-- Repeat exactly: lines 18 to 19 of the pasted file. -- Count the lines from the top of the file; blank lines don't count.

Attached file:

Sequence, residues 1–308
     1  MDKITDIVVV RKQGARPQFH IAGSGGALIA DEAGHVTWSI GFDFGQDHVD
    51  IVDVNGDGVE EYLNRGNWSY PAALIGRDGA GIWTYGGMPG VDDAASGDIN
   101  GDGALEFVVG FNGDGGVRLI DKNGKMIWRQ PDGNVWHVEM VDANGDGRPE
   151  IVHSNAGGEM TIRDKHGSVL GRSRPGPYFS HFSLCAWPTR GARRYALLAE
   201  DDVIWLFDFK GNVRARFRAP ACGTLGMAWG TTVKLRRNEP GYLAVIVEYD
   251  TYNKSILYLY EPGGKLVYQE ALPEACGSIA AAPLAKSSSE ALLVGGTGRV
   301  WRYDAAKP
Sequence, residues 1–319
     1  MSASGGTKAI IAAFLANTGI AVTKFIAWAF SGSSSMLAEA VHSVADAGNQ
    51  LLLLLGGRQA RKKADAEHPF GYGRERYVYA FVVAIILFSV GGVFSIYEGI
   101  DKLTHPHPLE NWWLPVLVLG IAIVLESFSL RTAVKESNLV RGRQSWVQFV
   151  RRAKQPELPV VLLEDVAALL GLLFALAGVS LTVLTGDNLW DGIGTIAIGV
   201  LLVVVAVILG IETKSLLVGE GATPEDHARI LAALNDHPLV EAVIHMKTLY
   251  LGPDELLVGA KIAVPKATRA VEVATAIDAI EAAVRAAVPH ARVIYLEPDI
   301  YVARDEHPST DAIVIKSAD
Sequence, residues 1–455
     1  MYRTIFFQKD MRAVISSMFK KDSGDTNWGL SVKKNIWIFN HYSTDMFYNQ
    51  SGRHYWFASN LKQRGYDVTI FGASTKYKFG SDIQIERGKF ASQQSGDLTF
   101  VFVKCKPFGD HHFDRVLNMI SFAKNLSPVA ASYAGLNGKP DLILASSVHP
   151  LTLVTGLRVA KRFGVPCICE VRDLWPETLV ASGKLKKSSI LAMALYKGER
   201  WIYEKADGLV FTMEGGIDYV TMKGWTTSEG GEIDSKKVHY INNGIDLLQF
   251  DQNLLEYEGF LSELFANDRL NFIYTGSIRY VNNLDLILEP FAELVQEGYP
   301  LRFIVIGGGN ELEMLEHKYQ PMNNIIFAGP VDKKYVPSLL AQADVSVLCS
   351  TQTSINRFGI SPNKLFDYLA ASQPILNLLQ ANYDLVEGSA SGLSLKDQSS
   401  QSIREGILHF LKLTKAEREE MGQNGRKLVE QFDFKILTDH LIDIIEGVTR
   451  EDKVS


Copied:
     1  MYRTIFFQKD MRAVISSMFK KDSGDTNWGL SVKKNIWIFN HYSTDMFYNQ
    51  SGRHYWFASN LKQRGYDVTI FGASTKYKFG SDIQIERGKF ASQQSGDLTF